as one of the most influential architects of the 20th century, richard neutra helped define modernism in california and around the world. located across los angeles’s silver lake reservoir and meadow, and built in 1932, the neutra studio and residences (VDL research house) — which was his own house and studio — showcases the procession of his style over a period of years.
brooklyn-based french photographer franck bohbot traveled to this historic landmark and documented it through his lens, capturing two generations of architectural experimentation.
images by franck bohbot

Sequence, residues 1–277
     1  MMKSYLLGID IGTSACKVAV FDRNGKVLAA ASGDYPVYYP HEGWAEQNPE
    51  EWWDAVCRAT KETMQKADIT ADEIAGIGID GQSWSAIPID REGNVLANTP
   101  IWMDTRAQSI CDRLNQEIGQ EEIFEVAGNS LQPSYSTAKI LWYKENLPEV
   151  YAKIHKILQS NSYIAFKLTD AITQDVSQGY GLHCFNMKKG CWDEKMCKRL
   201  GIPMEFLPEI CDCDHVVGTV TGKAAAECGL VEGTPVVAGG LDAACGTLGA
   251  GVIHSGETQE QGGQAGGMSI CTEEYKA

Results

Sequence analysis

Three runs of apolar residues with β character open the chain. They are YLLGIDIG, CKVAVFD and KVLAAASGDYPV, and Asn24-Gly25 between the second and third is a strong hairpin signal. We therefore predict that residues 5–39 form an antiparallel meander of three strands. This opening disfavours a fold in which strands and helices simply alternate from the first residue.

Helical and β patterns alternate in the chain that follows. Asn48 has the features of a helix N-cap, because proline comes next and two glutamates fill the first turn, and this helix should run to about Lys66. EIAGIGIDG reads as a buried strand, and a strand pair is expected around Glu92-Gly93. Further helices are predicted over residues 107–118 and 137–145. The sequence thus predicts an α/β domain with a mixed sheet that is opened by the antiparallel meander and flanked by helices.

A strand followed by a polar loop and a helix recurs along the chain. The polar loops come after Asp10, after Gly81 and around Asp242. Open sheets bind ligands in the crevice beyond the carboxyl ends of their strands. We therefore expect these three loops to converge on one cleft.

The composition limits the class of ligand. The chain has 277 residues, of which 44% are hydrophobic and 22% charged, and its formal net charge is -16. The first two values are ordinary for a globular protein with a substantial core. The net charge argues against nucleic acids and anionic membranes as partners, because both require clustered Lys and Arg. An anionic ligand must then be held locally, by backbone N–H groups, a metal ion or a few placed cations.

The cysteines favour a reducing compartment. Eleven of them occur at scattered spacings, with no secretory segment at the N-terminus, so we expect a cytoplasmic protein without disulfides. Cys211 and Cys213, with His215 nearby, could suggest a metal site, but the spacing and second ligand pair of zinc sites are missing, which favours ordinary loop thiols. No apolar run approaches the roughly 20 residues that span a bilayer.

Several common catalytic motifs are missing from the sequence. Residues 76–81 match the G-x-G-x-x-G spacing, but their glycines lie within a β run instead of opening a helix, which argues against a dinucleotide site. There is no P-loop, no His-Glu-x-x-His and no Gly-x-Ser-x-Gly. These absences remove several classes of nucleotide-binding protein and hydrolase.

the neutra research house was first designed in 1932 with the idea of demonstrating the potential of a small construction that brings nature indoors while preserving privacy. in 1963, most of the building was consumed by a fire, so neutra decided to re-do the house together with his son and architectural partner, dion neutra. the new house features a glass-walled wooden structure sitting on the previous houses’s concrete foundation and is called the VDL research house II.
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overall, the VDL research house II by richard neutra expands on the vision of an architect’s house as a laboratory for testing new theories and materials, proving that a small lot has massive potential. it also showcases how neutra experimented with technology in order to connect man with nature.
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